Department of Physics

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Colloquia & Seminars, Spring 2010

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Electromagnetism at Work

Speaker: Professor James A Rabchuk
Date: January 28, 2010 (Thursday)
Time: 4 p.m.
Room: 205 Currens Hall

Abstract
The physical world is said to be controlled by four fundamental forces: gravity, electromagnetism, the strong and the weak nuclear forces. Of these forces, it can be said that electromagnetism is the strongest and best understood. It is the force that holds most material objects together, drives most chemical reactions, propels the flow of information along the internet at nearly light speeds, and is responsible for light itself, to name just a few things. This well-known force, however, continues to provide surprising new applications and present some significant mysteries. In this talk, I would like to address some of the ways in which the phenomenon of electromagnetism is being used in exciting, new applications, such as torque-sensing and ion trapping for use in quantum information processing. I will also speak about one of the more mysterious phenomena in electromagnetic theory, namely, electromagnetic induction. I will outline a non-traditional approach to understanding and teaching induction, as well as a proposed experiment that could test whether this approach is valid.

About the speaker:
Professor James Rabchuk is a professor of physics and the pre-engineering program coordinator at Western Illinois University. His research interests include the study of hydrodynamic stability, analytical and computational study of magnetoelastic materials, and simulations of electric and magnetic fields for ion trapping with applications for quantum computing.

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Magnetoelastic Measurements in High-Speed Steel Torque Transducers

Speaker: Professor Mark S. Boley
Date: January 29, 2010 (Friday)
Time: 4 p.m.
Room: 205 Currens Hall

Abstract
In this presentation, I will attempt to explain the basic physics background and some of the historical development of current magnetoelastic torque sensing technology from the perspective of undergraduate-level physics. The group of measurements that are fundamental to understanding the interplay between the magnetic field and the elastic field in these high-alloy steels will also be discussed, along with an explanation of the instrumentation used. While the initial discussion will center around the macroscopic group of measurements, as time permits we will also consider some of the possible microscopic measurements. Special attention will be given to the many opportunities that this fairly low-budget research provides for both undergraduate and graduate students to develop basic physical measurement and instrumentation skills that are so essential in any research connected to industry.

About the speaker:
Professor Mark S. Bolwy is a professor and the Interim Chair of physics at Western Illinois University. He is a condensed matter experimentalist who uses atomic force/magnetic force microscopy, Raman spectroscopy and magnetoelasticity to study magnetic materials, superconductors and nanomaterials.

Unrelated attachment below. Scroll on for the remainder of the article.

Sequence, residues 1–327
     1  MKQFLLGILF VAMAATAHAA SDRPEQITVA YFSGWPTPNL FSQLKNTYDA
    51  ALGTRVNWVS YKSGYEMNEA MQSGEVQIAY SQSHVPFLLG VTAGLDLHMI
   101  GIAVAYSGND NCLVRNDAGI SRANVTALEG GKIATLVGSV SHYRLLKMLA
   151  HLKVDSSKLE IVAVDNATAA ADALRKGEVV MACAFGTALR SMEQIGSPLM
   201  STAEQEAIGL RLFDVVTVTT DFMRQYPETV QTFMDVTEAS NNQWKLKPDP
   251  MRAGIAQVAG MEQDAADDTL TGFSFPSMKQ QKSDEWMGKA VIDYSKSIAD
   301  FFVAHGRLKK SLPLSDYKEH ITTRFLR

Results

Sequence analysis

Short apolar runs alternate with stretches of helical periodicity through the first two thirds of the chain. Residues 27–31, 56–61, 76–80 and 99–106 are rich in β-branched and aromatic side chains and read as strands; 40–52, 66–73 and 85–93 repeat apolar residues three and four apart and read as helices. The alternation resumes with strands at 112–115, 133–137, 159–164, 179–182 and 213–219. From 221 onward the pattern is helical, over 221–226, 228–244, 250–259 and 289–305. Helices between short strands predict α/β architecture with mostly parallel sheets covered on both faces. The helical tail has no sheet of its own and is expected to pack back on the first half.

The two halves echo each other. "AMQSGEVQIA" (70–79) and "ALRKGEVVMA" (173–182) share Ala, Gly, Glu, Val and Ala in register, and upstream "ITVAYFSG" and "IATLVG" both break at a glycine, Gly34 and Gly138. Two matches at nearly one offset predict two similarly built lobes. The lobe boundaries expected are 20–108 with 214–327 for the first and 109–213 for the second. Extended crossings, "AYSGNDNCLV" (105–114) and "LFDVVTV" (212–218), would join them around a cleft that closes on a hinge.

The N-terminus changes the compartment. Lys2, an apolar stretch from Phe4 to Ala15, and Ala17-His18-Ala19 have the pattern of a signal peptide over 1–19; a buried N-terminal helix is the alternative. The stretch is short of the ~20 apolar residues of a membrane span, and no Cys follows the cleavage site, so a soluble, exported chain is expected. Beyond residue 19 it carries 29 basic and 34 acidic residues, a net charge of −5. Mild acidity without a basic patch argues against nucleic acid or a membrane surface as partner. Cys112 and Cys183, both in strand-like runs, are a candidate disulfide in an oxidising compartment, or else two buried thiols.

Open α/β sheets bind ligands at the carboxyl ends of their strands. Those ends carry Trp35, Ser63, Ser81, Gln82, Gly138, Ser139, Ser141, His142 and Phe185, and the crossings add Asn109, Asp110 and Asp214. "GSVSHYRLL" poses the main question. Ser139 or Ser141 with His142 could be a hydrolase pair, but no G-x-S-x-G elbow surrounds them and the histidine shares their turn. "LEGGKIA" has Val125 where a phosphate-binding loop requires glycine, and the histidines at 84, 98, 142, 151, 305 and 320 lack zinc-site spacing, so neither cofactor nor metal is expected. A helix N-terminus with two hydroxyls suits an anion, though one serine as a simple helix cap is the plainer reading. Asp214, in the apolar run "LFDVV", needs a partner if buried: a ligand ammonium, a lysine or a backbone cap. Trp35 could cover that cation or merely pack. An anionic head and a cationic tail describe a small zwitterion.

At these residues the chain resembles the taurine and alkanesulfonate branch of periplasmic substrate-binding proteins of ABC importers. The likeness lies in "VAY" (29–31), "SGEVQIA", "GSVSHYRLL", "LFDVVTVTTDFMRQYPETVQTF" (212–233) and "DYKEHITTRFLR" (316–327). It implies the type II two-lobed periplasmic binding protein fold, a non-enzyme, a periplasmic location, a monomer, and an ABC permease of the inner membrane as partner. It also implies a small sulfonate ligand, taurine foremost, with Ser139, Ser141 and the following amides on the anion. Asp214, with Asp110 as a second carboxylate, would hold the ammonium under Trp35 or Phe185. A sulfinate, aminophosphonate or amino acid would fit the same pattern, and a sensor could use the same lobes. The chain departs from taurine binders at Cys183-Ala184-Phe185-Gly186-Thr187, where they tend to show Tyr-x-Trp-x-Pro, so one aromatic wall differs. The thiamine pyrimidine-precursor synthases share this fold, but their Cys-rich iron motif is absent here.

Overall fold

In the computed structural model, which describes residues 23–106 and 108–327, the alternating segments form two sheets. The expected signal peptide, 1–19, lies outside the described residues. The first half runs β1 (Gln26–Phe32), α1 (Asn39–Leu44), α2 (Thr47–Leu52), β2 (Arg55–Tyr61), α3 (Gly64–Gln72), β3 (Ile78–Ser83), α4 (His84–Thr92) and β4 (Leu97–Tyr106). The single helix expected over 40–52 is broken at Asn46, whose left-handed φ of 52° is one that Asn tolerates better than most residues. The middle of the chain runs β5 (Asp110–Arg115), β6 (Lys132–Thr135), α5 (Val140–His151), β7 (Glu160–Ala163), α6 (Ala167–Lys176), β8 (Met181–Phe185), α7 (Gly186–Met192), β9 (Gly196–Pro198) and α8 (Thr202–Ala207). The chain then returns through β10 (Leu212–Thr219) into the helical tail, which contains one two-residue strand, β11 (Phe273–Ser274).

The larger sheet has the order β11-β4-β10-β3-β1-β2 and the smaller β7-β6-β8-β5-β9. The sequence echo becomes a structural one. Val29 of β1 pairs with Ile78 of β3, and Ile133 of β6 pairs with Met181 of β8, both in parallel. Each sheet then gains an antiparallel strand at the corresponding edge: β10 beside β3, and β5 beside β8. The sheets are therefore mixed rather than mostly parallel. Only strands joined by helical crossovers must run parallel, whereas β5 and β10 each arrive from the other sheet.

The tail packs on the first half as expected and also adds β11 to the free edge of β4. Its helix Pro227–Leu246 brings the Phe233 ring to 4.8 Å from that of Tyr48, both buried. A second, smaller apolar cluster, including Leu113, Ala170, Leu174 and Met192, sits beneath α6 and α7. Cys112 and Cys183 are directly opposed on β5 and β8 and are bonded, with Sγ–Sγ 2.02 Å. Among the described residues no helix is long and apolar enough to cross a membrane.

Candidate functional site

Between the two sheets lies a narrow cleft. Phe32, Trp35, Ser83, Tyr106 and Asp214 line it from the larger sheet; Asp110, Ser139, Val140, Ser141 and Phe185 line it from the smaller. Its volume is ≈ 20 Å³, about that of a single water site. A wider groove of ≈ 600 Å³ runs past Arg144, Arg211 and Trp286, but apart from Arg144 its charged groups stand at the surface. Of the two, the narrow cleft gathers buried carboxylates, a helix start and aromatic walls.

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The Physics of Lightning

Speaker: Professor Christopher Fasano
Date: February 4, 2010 (Thursday)
Time: 4 p.m.
Room: 205 Currens Hall

Abstract
Lightning, the massive dielectric breakdown of the atmosphere that occurs during thunderstorms, is a dramatic process that demands study and explanation. The mechanisms that cause lightning and the mechanisms by which lightning proceed are complex and still areas of active study. In fact, understanding lightning is considered one of the great-unsolved problems of atmospheric physics. In this talk, I will discuss our understanding of how lightning forms as well as a particularly intriguing feature of lighting-- the production of X-rays by lightning (verified experimentally only recently). I will also describe a proposal we have made to measure the energy spectrum of natural lightning while recording data on electric field strength and meteorological data. Knowing and understanding this energy spectrum will play an important role in understanding the process by which lightning is produced and proceeds. It will also allow testing of a variety of models that have been suggested for producing lightning and for producing X-rays.

About the speaker:
Professor Christopher Fasano is a professor and the Chair of department of physics, Monmouth College. He is a computational physicist with research interests in the area of scattering and particle production processes in light nuclei. Professor Fasano's current research focuses on modeling of protein folding, severe storms and wind flow.

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Magnetoelastic Measurements in High-Speed Steel Torque Transducers - Part II

Speaker: Professor Mark S. Boley
Date: March 26, 2010 (Friday)